Many people don’t know that you can actually measure your metabolic rate in calories per day. Other people know that it can be measured because fitness facilities include a value for metabolic rate in their fitness evaluations. Even fewer people know the differences among the various methods and the wide variety in levels of accuracy.
So why bother to measure your metabolic rate? To answer that question, let’s first define some terms for clarification. Basal metabolic rate, the sum total of the energy required to perform the biochemical transformations that occur in the body, contributes 70% of the body burn rate, the daily total energy requirements. The 30% difference between burn rate and metabolic rate is based on the energy required to move muscles and digest food. Basal metabolism is an absolute term for metabolic rate that would require an absolute resting state. That is unable to be achieved, so the best we can do is measure resting metabolic rate (RMR) or it’s equivalent term, resting energy expenditure (REE). RMR is not theoretically the same as basal metabolic rate, but is the closest we can come. Once you measure RMR, you can determine your burn rate by adding 30% to the RMR, or some value ranging from 15-40% based on activity level. I prefer to use the standard of 30% and measure independently the calories burned during exercise to personalize the energy requirements.
Now that we know the terms, let’s go back to answer the question of “Why bother?”. Let me start by saying that I believe burn rate is a vital sign that should be monitored life long to individualize body weight regulation. Each person is unique in the amount of energy required to maintain any given weight and the energy needs change over time. As a child grows, their burn rate changes to alter the amount of energy that is used or stored. As an adult, burn rate changes in response to aging, loss of muscle mass, hormone changes, pregnancy ,and many other factors discussed in Chapter 2 of my book, “The Burn Rate Diet”. Keeping track helps you know when to adapt your daily calorie intake to regulate your body weight. It gives you the knowledge and the science to avoid fad diets, maintain a natural relationship to food, and keep your weight in control throughout your life. Most importantly, knowing your burn rate helps to build a healthy self-esteem. Weight control becomes based on science and biology, not on the lack of self-control that is the misconception of our entire culture. Knowledge of your burn rate provides protection from the cultural insults to people who are biologically designed to have larger shapes and sizes.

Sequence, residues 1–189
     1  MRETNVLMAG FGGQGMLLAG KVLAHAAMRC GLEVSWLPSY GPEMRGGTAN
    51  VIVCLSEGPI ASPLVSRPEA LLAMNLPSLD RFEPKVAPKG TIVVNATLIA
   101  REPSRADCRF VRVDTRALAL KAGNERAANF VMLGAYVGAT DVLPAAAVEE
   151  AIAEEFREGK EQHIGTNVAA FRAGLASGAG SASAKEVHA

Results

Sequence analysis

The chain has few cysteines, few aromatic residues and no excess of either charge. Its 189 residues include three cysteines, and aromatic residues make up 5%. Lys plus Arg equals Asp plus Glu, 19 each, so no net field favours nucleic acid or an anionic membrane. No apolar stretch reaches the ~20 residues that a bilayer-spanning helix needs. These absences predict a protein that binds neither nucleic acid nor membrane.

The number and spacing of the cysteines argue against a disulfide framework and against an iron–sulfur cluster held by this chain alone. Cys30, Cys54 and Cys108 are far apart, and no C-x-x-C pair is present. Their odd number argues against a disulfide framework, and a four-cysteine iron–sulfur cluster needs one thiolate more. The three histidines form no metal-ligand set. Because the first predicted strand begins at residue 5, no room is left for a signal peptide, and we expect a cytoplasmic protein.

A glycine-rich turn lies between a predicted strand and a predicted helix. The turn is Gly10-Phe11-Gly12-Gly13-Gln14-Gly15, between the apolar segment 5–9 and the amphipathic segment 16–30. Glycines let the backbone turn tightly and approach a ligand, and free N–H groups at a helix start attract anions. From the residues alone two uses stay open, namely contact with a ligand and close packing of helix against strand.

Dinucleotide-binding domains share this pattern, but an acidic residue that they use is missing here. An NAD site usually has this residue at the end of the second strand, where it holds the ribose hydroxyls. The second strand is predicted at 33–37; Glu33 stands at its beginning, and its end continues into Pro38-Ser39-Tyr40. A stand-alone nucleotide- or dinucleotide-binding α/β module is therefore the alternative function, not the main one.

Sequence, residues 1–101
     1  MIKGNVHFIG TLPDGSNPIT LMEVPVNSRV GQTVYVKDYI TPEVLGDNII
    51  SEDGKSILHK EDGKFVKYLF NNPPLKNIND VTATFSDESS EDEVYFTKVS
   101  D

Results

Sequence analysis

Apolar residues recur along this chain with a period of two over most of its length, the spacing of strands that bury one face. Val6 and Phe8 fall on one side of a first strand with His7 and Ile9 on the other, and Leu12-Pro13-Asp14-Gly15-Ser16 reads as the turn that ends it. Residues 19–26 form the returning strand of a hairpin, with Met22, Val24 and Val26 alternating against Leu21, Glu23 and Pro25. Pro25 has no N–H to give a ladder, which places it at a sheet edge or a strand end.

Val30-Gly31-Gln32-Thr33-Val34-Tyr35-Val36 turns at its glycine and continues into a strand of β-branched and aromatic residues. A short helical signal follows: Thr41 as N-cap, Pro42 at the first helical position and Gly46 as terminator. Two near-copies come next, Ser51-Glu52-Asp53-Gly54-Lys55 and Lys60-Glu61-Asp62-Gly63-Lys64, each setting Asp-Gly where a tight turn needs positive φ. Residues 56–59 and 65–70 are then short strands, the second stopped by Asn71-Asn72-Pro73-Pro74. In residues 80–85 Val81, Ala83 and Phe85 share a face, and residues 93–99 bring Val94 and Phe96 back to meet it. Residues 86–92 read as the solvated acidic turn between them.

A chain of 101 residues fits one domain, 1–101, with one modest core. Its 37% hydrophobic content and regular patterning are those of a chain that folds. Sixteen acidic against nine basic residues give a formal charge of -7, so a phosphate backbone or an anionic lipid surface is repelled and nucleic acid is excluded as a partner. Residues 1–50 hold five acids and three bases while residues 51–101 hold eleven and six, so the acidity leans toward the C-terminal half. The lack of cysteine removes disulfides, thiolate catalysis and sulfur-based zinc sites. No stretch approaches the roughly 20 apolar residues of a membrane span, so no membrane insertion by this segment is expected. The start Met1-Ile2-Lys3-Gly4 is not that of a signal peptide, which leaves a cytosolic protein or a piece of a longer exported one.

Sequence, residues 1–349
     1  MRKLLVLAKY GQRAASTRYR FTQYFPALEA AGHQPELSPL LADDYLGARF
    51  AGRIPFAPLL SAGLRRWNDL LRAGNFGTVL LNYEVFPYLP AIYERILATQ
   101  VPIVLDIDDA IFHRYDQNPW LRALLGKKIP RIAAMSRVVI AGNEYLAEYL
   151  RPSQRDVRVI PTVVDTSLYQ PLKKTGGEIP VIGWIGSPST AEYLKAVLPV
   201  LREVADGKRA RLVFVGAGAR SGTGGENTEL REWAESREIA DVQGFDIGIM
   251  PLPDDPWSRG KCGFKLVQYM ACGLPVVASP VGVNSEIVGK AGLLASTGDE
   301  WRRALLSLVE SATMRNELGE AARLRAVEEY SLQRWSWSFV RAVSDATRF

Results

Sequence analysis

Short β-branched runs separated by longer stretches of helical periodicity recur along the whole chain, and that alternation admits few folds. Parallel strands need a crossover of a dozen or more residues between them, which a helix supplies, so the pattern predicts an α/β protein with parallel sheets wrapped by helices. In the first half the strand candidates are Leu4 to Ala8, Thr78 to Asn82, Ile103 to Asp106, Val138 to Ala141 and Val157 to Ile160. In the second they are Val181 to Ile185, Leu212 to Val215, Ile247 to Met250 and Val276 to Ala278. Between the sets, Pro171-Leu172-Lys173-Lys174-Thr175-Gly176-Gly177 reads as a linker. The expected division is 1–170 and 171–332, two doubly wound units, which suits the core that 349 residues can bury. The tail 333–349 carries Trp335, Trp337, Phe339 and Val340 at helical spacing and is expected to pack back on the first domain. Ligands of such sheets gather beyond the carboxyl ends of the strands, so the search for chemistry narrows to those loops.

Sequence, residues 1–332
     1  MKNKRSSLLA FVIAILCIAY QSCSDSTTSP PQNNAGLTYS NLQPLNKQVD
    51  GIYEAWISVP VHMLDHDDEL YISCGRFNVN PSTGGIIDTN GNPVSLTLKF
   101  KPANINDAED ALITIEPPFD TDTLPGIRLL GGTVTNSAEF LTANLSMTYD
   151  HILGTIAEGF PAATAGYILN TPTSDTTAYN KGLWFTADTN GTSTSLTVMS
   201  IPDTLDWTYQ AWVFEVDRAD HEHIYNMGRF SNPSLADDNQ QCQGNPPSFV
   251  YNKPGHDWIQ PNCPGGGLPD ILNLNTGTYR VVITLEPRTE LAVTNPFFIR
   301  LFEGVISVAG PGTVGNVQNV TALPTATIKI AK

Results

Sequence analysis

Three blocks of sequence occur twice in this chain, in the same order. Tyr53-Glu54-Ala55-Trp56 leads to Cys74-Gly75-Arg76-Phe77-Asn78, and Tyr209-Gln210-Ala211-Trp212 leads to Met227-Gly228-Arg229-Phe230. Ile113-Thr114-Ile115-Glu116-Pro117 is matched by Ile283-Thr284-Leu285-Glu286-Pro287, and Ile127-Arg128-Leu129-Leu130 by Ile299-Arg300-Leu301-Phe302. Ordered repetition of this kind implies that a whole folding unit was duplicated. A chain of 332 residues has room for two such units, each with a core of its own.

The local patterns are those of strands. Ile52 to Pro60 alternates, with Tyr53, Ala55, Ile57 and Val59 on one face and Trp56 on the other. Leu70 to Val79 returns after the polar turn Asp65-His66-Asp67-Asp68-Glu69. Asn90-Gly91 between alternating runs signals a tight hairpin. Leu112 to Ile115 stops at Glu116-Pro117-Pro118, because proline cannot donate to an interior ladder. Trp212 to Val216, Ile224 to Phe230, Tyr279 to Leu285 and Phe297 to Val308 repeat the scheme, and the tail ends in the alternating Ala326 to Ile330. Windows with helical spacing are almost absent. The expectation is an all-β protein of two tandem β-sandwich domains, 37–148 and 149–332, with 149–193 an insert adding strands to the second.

Since this vital sign is so significant to your health, it is important to measure it in the most accurate manner. Nobody would think to manage their diabetes with poor measurements of blood sugar. You want an accurate read of your blood pressure to know when to take medication, regulate your diet, or increase your exercise. The same holds true for burn rate. You want the most accurate method to guide your weight control efforts. Gas exchange is the most accurate by far. Gas exchange involves the measure of your oxygen and carbon dioxide content of your breath under conditions of fasting and resting. Your RMR is indicated by the breath by breath measurements taken over a period of 15-20 minutes.